Also, slow traffic doesn’t necessarily mean more pollution. Hyper-milers — people who compete to eke the best gas mileage possible out of their cars — know this well. You burn the least fuel, and thus pollute the least, when you drive at a slow speed, providing a steady flow of gas to the engine or, even better, coasting. The biggest cause of pollution is the traffic dance of constantly speeding up, slowing down, braking, and idling. In urban areas particularly, the faster the speed limit or the feel of the street, the more starting and stopping drivers do. When traffic speeds slow down overall, the flow becomes smoother, and the result is less pollution. Lower speed limits have also been found to reduce emissions at highway speeds.

The best scenario of all when it comes to air pollution has nothing to do with tailpipe filters or hybrid, electric, or zero emissions car technology. The way to reduce pollution is to reduce driving, plain and simple.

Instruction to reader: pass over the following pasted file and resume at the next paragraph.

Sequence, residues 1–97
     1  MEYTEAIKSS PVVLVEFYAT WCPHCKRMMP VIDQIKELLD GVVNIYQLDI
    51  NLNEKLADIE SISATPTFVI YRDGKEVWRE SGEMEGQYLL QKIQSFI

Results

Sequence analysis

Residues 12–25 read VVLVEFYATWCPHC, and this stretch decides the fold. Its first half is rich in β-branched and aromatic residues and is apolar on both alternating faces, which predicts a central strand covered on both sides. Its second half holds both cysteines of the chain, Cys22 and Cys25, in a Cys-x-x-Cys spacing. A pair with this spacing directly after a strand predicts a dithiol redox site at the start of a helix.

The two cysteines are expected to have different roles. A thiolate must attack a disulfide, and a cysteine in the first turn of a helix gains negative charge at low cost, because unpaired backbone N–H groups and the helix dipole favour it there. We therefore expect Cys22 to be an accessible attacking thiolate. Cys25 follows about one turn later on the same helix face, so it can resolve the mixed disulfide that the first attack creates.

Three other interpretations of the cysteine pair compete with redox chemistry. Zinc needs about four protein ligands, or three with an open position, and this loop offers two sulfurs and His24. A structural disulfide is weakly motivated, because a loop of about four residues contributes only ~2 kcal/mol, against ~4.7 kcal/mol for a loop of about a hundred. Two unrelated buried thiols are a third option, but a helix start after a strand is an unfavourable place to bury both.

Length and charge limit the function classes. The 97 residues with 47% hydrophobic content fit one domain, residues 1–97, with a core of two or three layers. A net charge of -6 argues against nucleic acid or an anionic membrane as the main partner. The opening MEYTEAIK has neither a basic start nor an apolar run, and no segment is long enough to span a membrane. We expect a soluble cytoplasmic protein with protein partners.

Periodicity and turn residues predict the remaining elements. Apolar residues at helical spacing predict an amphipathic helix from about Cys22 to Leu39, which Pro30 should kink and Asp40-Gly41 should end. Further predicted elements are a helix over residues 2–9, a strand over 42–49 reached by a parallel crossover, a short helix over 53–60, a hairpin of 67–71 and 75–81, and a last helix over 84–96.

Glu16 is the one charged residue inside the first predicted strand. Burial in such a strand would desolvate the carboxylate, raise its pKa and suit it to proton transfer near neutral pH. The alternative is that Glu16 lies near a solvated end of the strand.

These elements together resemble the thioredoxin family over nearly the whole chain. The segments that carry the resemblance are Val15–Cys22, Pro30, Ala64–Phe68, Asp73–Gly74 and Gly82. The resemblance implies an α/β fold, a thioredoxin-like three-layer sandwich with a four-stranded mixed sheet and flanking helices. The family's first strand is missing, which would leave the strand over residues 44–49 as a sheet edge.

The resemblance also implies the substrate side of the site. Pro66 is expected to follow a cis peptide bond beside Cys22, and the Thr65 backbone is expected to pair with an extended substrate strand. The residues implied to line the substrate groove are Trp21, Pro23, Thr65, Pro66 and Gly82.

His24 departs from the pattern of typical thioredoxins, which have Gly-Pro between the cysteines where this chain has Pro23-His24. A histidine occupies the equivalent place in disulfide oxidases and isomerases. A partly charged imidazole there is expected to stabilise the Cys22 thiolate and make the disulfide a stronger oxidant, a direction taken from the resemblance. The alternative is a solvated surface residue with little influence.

The best proof of this comes during the Olympics. Athletes, like the rest of us, can’t do their work well while breathing bad air, but unlike the rest of us their needs are seen as an urgent reason to reduce emissions. During the 1996 games in Atlanta, car travel restrictions resulted in 23 percent less morning traffic. During that time period, ozone concentrations decreased by 28 percent, and emergency care visits for asthma went down by 41 percent.  A study of Beijing residents before, during, and after their 2008 Olympics found that their heart health improved significantly during the traffic and industrial restrictions that were part of the $17 billion campaign to clean up the city’s air — but risk factors went right back up after the restrictions ended.

The solution to both traffic congestion frustrations and the urgent public health crisis of air pollution is painfully obvious: We have to stop driving. Far from being an impossibility or a dreadful hardship, dramatically reducing the amount we drive is one of the easiest and most cost-effective measures we can take.

  • Anonymous

    Reason #1 that Mayor Lee should find a different location away from the already traffic gridlocked Bay Bridge area to build his legacy arena.